The Joey Harrington era has finally ended in Detroit. Now that another quarterback’s career has ended in Detroit it is a good time to reflect on the history of signal callers in the Motor City. In 1971 Greg Landry was named to the Pro Bowl and he still remains the last Detroit quarterback to earn this honor. Thirty five years have come and gone, and no other quarterback of the Lions has made the Pro Bowl roster. Given that several quarterbacks are named each season, the Lions failure on this point is from a statistical point of view a simply amazing achievement. The odds against a team failing so consistently are indeed quite large.
How did the Lions do it? Let’s spend a bit of time reviewing the list of signal callers who have started for the Lions but not traveled to the NFL’s annual all-star game.
- Gary Danielson (1978-1984): Danielson inherited the mantle of “starting Lions quarterback” from Greg Landry and is really the first Lions quarterback I remember (although I did have a Greg Landry football when I was a kid). What I remeber most about Danielson is that he did start for a Lions team that almost defeated the 49ers in the playoffs in 1983. In all, though, he only had three seasons where he played at least 15 games, so he was not often on the field as the Lions starter. Today Danielson announces college football games for ABC.
- Eric Hipple (1985-1986): After 1984 Danielson went to Cleveland and the Lions turned to Eric Hipple. Hipple lasted only two seasons as Detroit’s starting quarterback. Today Hipple is a motivational speaker, or in some sense, a people coach.
- Chuck Long (1987-88): Like Joey Harrington, Long was a first round draft choice expected to lead the Lions to much success. Long did not have a lengthy career in Detroit, really only playing one full season in 1987. When Wayne Fontes decided to employ the run-and-shoot offense, Long’s career in Detroit ended. Last December Long was named the head football coach at San Diego State University.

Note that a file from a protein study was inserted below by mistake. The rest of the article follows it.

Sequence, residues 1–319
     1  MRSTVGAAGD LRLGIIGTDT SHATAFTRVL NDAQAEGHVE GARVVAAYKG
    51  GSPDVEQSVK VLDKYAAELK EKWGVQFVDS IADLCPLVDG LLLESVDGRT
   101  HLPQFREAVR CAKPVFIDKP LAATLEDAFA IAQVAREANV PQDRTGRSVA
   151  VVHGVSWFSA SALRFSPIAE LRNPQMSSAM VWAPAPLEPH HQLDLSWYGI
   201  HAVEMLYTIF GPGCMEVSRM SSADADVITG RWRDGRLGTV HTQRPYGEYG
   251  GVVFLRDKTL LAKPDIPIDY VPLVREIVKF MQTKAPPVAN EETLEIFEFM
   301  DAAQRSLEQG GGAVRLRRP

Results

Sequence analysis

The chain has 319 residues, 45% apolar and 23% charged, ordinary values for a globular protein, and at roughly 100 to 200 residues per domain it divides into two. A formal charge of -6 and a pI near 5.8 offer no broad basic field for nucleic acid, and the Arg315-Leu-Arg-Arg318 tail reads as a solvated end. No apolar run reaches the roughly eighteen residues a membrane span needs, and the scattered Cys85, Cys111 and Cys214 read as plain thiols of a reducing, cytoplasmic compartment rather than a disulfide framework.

- Rodney Peete (1989-93): Peete was a 6th round draft choice of the Lions out of USC. For five seasons he traded the job with Erik Kramer and another first round draft choice of the Lions, Andre Ware. Interestingly, all three have had some success in broadcasting.
- Scott Mitchell (1994-1997): In 1994 the Lions went shopping and bought Scott Mitchell. In 1995 Mitchell had one great season, posting the 36th best season of any signal caller in the league from 1995-2005. The average quarterback in the NFL produces 0.133 net points per play. Mitchell’s net points per play in 1995 was 0.249. In other words, he was pretty good. Unfortunately, as quarterback’s often are, Mitchell was inconsistent. His net points per play the next two seasons was below average.
- Charlie Batch (1998-2001): In 1998 the Lions selected Batch in the second round. Early in the 1998 season he was named starter. For two seasons his net points per play was above average. And then for two seasons his performance was below average. Today he is the back-up quarterback for the Super Bowl champion Pittsburgh Steelers.
- Joey Harrington (2002-2005): After Batch the Lions turned to Harrington. Harrington never posted an above average season, although he came close in 2004.
- Jon Kitna or Josh McCown (2006- ??): And now the Lions turn to Jon Kitna or Josh McCown. These two signal callers have already received significant playing time in seven NFL seasons. Only Kitna has been above average in net points per play and he only did it once. In 2003 Kitna posted a net points per play of 0.141. At 33 years of age, Kitna cannot be thought of as the quarterback of the future. Unfortunately McCown, who looked to have been signed to take on the mantle of starting quarterback down the line, may not even hold on to his job as number two quarterback. According to Tom Kowalski of Booth newspapers and MLive.com, McCown has not performed well in mini-camp and may end up third on the depth chart behind Dan Orlovsky.
So that is where the Lions are today. After a history of failed quarterbacks the Lions have turned to a collection of quarterbacks who have yet to find much success on the football field. There is some good news in this story. The list of failed quarterbacks includes a number of people who went on to significant accomplishment. Unfortunately, none of these accomplishments occurred on the football field, although in the case of the announcers, something was accomplished near a football field. So I guess that is something.
If Harrington follows in the footsteps of those who failed before him, we can expect some day he will make a great announcer. Perhaps there is a lesson in all of this for Detroit. Their ability to groom future announcers suggests that the communication device in the quarterback’s helmet should not simply receive the coaches’ instructions, but should also allow the quarterback to broadcast the game to the audience. If this was the case, the Lions quarterbacks could show the Lions fans where their talents truly lie.